Staying informed about your pet’s health is crucial to helping them live a long and happy life. As your pet care partner, we want to provide you with as many trusted resources as possible. In our app, you are able to access the following resources 24/7:

  • Pet Health Library – This site provides a wealth of knowledge and information about animal diseases and conditions, care and husbandry, toxicities, and behavior. If your pet recently received a new diagnosis, this is a great place to research more about your pet’s condition.
  • Poison Control – Did your pet just eat something they weren’t supposed to? Quickly access the Pet Poison Hotline from the app, and see the emergency instructions–including what to do, and what NOT to do. There is also a complete preventative safety guide for you to read.

To access these resources, go to the Menu button in the top left of your app home screen, then click Resources 📖. You will see Pet Health Library and Poison Control listed. We hope these are helpful tools to provide you with peace of mind–anytime!

Don’t have our app? Download it for free here!

Easter Safety Tips 🐣🐰

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If you are planning to celebrate Easter, don’t forget some of these important safety tips from ASPCA for your furry friends.

1. Chocolate – This yummy treat for humans can cause gastrointestinal upset, pancreatitis, stimulation to the nervous system (hyperactivity, tremors and seizures) and elevation in heart rate for animals. Not all chocolate is created equal and the darker the chocolate is, the more dangerous it is for pets.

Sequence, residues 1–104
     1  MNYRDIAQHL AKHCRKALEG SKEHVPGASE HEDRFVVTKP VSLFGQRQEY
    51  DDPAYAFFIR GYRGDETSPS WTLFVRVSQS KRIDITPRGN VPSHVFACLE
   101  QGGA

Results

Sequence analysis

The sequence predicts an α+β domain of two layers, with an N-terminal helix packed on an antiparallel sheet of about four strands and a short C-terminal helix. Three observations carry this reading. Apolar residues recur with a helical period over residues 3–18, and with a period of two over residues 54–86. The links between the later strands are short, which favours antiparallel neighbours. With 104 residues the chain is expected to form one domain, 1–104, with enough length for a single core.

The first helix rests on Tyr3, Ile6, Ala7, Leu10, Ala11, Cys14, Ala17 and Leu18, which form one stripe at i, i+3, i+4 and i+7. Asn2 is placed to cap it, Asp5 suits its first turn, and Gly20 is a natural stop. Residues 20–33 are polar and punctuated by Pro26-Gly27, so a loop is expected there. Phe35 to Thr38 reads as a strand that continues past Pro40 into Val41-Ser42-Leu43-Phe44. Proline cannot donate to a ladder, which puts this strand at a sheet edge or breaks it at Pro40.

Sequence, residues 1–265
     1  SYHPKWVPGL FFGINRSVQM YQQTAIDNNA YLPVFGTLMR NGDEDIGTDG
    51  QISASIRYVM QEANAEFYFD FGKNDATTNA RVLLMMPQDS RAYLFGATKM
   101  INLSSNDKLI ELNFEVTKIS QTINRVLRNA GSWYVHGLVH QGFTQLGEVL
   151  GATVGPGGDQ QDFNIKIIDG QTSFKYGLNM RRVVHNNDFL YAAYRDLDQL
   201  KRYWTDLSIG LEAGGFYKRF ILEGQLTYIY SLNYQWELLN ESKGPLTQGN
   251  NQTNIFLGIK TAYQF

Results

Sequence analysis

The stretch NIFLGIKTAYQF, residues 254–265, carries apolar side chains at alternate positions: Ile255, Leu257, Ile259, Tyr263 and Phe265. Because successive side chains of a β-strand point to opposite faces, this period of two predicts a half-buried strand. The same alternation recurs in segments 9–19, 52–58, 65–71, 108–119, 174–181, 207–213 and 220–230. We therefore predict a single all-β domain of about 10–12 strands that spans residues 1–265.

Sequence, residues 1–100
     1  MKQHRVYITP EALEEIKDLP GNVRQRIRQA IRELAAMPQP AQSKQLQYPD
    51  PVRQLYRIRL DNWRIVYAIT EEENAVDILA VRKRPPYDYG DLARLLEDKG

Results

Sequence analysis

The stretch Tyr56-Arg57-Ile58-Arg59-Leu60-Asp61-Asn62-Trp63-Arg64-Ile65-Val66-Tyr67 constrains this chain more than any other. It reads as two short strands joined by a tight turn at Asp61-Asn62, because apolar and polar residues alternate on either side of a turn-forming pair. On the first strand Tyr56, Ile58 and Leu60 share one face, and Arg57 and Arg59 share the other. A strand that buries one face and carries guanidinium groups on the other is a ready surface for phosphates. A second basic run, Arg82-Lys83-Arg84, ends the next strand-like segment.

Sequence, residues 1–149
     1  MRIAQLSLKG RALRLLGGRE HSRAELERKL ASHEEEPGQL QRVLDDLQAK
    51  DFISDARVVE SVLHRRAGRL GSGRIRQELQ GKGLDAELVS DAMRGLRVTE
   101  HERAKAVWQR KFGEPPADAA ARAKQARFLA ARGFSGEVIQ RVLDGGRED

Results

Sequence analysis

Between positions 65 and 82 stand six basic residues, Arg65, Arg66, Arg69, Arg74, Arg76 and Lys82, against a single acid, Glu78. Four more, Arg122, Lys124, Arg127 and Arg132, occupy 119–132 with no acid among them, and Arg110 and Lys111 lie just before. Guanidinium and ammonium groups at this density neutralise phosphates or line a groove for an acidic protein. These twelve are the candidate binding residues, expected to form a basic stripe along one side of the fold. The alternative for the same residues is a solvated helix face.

2. Plastic Easter Grass – Pets cannot absorb plastic Easter grass into their bodies, which means that it can become lodged in the gastrointestinal tract causing serious damage. Signs for concern include vomiting, diarrhea, decrease in appetite, lethargy and stomach pain.

3. Plants- Several plants can be dangerous for pets, but especially during Easter time the ASPCA sees an increase in calls regarding Lilies and specific bulbs that bloom in the Spring. Lilies (Lilium sp and Hemerocallis sp) can cause serious concerns for our feline friends. Exposure to any parts of the plant can result in kidney damage and gastrointestinal upset. For a reference of all poisonous plants to avoid, click here.

4. Fertilizers and Herbicides – Is it finally beginning to warm up? Many people begin gardening and yardwork on Easter weekend and include the use of fertilizers. Make sure these items are stored where pets cannot chew or puncture them and keep your pets indoors while applying the products. Always follow the label instructions and wait to let your pet out again until the product has been watered in or the ground is dry.

If you think that your pet may have ingested a potentially poisonous substance, call us at (401) 398-7807 or contact the ASPCA Poison Control Hotline at (888) 426-4435.